In the Gambia, implementation of sector-wide competitiveness and diversification strategies has been marked by a significant uptick in the health of the country’s cashew industry, with better production practices and rising yields complemented by growing trade opportunities. Eight companies have been trained in Hazard Analysis Critical Control Point (HACCP), a start-to-end food safety management system that can be essential for accessing certain markets. ITC has built the capacity of local food safety experts who will replicate training work with other SMEs and ensure that the initiative’s quality and food safety results are sustainable well into the future.

‘Farmers have learned about best practices in farming as well as farm management and as a result production has increased,’ said Alpha Ousman Jallow, Executive Secretary for the Cashew Alliance of the Gambia (CAG), pointing to quality improvements and yield growth estimates ranging from 100% to 400% across the country.

The sector’s trade performance has also improved. When the strategy formulation process started in 2012, annual cashew exports were typically around 15,000 tons. By 2014, this reached 75,000 tons, due to improved transportation and marketing infrastructure combined with new market opportunities as Chinese traders joined their Indian counterparts in sourcing from the Gambian market.

In an impact survey, enterprises that worked directly with ITC reported increased sales, exports and/or employment. For Yassin Jal Mbye, the owner and manager of Jal’s Health Foods, implementing better food safety practices have paved the way for greater sales. ‘After the eventual HACCP certification customers will also have more confidence in the products,’ she said.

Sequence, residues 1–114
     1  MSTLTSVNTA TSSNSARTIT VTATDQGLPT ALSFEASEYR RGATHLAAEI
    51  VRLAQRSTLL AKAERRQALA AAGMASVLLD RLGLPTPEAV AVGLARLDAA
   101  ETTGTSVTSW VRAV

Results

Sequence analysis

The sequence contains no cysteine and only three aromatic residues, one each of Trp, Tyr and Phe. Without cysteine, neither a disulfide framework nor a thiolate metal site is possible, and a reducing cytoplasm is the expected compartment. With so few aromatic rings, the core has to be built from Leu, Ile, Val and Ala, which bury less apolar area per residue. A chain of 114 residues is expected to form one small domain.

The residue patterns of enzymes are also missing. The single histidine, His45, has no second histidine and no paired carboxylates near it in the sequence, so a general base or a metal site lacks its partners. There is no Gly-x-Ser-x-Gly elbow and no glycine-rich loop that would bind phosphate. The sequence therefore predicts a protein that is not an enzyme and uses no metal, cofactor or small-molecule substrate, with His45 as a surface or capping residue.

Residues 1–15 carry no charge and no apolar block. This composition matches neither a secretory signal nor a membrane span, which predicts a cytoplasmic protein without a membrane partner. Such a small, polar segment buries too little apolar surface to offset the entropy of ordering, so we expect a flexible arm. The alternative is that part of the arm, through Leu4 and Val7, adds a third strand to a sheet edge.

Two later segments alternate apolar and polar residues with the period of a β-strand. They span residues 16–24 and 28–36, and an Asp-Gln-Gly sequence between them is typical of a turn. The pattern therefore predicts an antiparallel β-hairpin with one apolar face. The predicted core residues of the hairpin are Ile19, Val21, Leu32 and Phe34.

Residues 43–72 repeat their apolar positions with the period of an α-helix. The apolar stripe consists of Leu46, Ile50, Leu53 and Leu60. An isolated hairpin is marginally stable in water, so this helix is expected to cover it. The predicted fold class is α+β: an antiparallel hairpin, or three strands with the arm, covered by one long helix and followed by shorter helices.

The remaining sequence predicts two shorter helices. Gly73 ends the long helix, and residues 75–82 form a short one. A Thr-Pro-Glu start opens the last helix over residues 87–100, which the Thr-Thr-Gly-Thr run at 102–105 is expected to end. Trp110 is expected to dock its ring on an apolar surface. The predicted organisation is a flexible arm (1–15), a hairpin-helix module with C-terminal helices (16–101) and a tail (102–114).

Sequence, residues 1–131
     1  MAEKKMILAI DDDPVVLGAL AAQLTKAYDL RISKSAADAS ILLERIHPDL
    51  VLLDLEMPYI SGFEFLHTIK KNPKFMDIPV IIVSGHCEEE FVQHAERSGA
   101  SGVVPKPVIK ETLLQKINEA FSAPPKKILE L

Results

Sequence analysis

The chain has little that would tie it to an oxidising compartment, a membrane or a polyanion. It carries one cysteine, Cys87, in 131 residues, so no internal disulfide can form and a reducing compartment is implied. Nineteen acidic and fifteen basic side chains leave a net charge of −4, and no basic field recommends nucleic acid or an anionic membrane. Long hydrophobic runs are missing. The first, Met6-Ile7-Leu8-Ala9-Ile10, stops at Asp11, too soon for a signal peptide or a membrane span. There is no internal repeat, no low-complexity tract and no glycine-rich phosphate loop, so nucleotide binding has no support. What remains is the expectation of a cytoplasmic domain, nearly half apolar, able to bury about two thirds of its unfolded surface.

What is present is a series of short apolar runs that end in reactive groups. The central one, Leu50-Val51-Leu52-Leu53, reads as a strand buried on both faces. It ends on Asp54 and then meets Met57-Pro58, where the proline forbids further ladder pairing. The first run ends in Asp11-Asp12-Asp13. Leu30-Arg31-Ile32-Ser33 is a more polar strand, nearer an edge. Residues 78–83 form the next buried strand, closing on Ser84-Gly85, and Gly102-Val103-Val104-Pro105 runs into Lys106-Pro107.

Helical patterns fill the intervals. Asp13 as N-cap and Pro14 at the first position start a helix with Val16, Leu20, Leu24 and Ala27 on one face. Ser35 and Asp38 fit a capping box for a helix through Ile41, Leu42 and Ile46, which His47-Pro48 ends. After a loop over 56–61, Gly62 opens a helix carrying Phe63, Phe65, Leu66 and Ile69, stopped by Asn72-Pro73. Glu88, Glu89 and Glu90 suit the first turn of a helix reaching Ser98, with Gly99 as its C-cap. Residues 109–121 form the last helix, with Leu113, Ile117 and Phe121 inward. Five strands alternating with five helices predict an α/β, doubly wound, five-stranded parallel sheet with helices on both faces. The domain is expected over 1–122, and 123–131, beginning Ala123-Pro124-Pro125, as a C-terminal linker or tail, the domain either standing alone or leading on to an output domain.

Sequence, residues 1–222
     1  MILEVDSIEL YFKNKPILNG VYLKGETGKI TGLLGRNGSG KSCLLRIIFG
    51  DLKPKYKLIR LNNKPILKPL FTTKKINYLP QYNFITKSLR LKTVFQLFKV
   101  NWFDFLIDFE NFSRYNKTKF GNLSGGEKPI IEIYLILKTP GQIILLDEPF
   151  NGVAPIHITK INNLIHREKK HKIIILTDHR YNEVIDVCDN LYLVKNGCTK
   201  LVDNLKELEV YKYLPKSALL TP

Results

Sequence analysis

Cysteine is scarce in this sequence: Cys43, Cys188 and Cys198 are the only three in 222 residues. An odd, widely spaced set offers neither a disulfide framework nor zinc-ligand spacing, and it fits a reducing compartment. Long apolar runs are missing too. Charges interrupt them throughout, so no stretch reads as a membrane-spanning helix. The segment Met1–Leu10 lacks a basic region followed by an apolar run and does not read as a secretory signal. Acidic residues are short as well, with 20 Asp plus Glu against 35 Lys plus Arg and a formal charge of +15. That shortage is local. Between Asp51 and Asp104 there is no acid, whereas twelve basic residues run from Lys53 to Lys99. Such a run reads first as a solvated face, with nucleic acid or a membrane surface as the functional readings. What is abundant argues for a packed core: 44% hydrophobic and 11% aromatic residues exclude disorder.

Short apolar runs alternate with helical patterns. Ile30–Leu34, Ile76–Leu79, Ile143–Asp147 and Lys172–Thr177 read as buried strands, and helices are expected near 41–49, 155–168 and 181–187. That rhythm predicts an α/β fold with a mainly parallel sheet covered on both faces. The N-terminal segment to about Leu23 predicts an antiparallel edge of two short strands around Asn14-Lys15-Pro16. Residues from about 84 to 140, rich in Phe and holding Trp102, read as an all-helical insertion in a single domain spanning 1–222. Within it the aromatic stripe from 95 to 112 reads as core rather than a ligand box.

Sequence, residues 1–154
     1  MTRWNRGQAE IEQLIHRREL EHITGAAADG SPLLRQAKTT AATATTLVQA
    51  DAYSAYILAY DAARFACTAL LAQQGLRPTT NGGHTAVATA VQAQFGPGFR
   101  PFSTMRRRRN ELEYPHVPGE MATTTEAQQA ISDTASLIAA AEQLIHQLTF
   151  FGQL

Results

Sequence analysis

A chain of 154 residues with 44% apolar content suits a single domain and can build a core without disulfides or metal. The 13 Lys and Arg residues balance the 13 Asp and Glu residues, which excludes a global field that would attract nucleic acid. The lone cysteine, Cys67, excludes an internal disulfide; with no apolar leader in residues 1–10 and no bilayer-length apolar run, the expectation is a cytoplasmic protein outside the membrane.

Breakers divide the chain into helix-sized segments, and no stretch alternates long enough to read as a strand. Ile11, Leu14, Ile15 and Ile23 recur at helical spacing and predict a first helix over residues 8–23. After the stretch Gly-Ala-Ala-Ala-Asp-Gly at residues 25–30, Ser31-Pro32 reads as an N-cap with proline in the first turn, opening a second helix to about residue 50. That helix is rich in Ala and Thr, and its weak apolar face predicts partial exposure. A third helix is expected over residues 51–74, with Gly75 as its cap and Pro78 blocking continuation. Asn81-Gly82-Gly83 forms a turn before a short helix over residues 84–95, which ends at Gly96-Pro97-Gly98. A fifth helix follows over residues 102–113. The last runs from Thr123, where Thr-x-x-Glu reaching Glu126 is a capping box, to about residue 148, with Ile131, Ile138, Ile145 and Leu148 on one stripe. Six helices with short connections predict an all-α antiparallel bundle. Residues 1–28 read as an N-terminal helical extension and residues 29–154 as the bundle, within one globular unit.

Three of the participating SMEs received new equipment for vacuum packaging and nutrition and barcode labelling, which better enable products to meet international market requirements. ‘The machine and the new packaging has greatly improved the presentation of our nuts and we are now able to sell good quantities to supermarkets and minimarkets,’ said Momodou A. Ceesay, Managing Director of the Gambia Horticultural Enterprises.

The future

ITC aims to work with the Ho Chi Minh City University of Technology to establish a cashew processing factory-school in Benin to facilitate the transfer of Vietnamese expertise, building on the success of a similar venture in Côte d’Ivoire.

In the Gambia, ITC is facilitating partnerships with international institutions to expand on the results achieved. For example, the Gambia Standards Bureau has signed a memorandum of understanding to cooperate with the American Society for Testing Materials, and the CAG has set up a partnership with the African Cashew Alliance for technical cooperation. In both countries, the key will be to leverage the initial investment made with the Enhanced Integrated Framework.